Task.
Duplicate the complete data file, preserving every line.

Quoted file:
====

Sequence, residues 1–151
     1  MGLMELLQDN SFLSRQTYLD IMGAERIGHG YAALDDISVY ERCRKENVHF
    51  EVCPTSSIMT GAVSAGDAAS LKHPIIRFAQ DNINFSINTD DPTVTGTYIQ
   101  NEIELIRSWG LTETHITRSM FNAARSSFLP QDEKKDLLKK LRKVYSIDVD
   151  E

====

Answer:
Sequence, residues 1–151
     1  MGLMELLQDN SFLSRQTYLD IMGAERIGHG YAALDDISVY ERCRKENVHF
    51  EVCPTSSIMT GAVSAGDAAS LKHPIIRFAQ DNINFSINTD DPTVTGTYIQ
   101  NEIELIRSWG LTETHITRSM FNAARSSFLP QDEKKDLLKK LRKVYSIDVD
   151  E